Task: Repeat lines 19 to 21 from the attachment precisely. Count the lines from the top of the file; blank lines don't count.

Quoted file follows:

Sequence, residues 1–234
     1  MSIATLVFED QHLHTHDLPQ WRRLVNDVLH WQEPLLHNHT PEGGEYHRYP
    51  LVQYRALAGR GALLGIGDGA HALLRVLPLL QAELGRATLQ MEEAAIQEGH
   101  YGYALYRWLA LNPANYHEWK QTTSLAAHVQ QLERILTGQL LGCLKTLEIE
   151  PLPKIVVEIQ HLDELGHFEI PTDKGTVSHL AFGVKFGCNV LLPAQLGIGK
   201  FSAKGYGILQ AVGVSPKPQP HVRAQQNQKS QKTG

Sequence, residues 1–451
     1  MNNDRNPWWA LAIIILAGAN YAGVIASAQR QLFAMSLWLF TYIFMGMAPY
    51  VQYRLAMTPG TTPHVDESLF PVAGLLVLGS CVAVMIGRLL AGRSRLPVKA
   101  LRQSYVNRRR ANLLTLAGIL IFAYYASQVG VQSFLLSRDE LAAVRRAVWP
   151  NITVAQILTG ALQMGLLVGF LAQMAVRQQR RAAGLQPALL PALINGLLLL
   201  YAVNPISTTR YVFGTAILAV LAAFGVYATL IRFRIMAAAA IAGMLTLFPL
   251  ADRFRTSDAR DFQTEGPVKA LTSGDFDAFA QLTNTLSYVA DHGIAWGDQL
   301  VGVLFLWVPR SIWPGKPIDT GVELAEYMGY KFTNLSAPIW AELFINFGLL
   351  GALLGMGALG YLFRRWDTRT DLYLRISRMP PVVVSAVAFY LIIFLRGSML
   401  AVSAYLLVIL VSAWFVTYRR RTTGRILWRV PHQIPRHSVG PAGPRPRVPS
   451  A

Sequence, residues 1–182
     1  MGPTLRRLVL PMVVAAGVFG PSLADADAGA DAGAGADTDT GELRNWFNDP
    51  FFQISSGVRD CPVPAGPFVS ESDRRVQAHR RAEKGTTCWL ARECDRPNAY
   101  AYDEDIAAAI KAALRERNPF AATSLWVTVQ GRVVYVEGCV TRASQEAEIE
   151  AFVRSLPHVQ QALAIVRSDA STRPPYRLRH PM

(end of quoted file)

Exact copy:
     1  MGPTLRRLVL PMVVAAGVFG PSLADADAGA DAGAGADTDT GELRNWFNDP
    51  FFQISSGVRD CPVPAGPFVS ESDRRVQAHR RAEKGTTCWL ARECDRPNAY
   101  AYDEDIAAAI KAALRERNPF AATSLWVTVQ GRVVYVEGCV TRASQEAEIE